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FGCU launches free workshops to foster equity, retain workers; Supreme Court throws out race claim in SC redistricting case in win for GOP; as millions hit the roads, MI lawmakers consider extra driving fees; CT groups prepare for World Fish Migration Day.

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U.S. Supreme Court allows South Carolina gerrymander that dilutes Black voters, Sen. Ted Cruz refuses to say if he'll accept 2024 election results, and Trump calls Mar-a-Lago search an attempt to have him assassinated.

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Smokey Bear thought only "you" could prevent forest fires, but decomposing mushrooms may also help, a Native American community in Oregon is achieving healthcare sovereignty, and Colorado farmers hope fast-maturing, drought-tolerant seeds will better handle climate change.

As Disability Employment Awareness Month Ends, NY Advocacy Continues

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Wednesday, October 26, 2022   

As National Disability Employment Awareness Month comes to a close, New Yorkers are contending there is more to do beyond October.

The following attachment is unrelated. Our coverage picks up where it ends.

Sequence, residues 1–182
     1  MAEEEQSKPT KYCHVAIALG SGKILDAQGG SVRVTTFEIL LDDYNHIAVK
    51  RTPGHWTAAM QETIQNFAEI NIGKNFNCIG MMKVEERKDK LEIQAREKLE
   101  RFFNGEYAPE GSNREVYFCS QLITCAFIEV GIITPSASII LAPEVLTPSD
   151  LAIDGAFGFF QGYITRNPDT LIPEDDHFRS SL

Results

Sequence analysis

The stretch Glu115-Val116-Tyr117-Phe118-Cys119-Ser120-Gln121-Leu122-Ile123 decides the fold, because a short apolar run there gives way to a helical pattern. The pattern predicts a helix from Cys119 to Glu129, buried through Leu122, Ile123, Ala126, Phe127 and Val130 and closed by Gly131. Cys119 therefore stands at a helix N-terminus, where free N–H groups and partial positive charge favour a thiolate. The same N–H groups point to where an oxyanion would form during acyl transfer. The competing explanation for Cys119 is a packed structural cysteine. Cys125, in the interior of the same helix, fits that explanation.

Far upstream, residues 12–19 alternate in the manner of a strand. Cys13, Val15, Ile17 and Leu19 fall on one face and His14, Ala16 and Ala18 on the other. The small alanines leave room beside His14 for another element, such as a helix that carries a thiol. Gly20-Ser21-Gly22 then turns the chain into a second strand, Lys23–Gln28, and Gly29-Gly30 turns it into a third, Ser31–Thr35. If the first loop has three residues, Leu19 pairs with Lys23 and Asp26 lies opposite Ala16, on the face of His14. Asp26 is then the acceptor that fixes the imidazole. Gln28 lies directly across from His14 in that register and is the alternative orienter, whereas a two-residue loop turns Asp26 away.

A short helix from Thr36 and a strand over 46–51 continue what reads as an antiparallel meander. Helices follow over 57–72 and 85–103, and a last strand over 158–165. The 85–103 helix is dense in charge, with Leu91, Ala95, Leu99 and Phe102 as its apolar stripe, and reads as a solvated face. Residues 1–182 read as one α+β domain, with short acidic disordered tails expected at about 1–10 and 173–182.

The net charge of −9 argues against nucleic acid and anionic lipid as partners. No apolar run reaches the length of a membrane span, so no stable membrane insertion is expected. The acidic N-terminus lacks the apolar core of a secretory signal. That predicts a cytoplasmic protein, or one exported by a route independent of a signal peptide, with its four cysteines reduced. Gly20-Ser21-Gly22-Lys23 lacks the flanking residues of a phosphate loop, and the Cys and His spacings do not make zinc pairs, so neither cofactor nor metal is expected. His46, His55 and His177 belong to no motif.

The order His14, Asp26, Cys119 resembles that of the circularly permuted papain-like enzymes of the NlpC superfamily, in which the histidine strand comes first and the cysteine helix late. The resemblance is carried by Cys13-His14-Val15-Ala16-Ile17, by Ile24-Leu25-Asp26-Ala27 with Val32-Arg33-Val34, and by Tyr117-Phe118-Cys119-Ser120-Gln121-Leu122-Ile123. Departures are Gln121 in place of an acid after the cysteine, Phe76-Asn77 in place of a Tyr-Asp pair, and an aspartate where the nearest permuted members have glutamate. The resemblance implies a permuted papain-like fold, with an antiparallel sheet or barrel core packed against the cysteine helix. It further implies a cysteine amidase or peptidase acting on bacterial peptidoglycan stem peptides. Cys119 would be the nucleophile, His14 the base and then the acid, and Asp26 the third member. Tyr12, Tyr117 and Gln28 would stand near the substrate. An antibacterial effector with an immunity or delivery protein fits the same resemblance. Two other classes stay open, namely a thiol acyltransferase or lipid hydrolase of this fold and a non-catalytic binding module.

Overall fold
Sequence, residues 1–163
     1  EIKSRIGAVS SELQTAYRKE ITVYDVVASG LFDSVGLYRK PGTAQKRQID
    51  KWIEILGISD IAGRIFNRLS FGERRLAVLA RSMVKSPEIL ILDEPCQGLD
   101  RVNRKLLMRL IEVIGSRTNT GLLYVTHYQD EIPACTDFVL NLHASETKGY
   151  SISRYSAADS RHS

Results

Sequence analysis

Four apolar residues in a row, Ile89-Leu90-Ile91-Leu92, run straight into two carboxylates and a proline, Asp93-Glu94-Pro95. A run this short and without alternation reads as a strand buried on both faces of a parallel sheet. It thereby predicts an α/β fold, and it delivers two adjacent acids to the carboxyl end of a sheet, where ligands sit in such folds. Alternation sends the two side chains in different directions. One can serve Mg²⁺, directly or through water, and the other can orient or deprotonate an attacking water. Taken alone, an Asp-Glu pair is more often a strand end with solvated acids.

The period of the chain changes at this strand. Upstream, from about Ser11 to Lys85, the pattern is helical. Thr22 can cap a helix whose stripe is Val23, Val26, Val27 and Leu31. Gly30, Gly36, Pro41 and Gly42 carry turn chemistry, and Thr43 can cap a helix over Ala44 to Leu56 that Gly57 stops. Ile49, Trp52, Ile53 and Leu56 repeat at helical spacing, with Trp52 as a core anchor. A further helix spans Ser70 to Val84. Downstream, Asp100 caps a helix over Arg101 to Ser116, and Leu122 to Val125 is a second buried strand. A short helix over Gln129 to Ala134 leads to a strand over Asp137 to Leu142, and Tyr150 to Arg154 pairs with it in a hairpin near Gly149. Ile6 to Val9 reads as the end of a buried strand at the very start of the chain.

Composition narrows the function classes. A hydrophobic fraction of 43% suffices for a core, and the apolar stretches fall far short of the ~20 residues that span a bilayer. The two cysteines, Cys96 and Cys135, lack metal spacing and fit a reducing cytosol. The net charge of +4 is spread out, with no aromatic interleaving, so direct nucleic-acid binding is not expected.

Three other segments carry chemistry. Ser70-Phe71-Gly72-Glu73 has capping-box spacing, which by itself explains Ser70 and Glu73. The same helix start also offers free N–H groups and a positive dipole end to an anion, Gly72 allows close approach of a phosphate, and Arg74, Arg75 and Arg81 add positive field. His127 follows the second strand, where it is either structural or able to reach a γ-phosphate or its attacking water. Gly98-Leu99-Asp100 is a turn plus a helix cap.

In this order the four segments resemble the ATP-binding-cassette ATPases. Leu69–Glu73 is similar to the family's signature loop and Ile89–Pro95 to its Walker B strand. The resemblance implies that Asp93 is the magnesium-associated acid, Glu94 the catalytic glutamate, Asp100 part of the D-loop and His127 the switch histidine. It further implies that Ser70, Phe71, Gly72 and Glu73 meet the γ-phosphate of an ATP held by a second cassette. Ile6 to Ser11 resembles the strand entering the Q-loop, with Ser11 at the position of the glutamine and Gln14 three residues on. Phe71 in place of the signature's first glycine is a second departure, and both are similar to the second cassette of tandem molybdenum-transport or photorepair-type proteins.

According to the U.S. Department of Labor, the unemployment rate for people with disabilities is double that of those without disabilities.

Sharon McLennon-Wier, executive director of the Center for the Independence of the Disabled-New York, explained workers with disabilities face numerous challenges on the job. She said in many workplaces, certain stigmas and "able-ism" still exist.

"For some reason, if you don't have a disability, and you come across someone who has an obvious disability -- meaning that you can see it, it's not a hidden disability -- you say to yourself that initial thought of, 'Oh my God, I can't believe that they're doing A, B, and C,' because you can't fathom how that would be if you had that same situation," McLennon-Wier observed.

Other challenges include making sure businesses understand the Americans with Disabilities Act, and how to provide their employees with disabilities what is needed to perform their jobs. She added training and education for companies helps them better understand how to make a workplace accessible.

McLennon-Wier believes there are persistent misconceptions about working with a disability. As a blind woman, she has encountered some of them in her professional life.

"A person with a disability may work slower, or they're not as efficient, or they're not an 'expert' in their field," McLennon-Wier outlined. "There's a lot of preconceived notions that the person may not be as good a worker in comparison to a person without a disability."

She noted of course, these are all myths. And her group wants employers to know employees with disabilities, in a positive and accessible work environment, can have greater longevity with a company, and the same compassion and desire as any other worker to do the best possible job.

Disclosure: The Center for Independence of the Disabled-New York contributes to our fund for reporting on Disabilities. If you would like to help support news in the public interest, click here.


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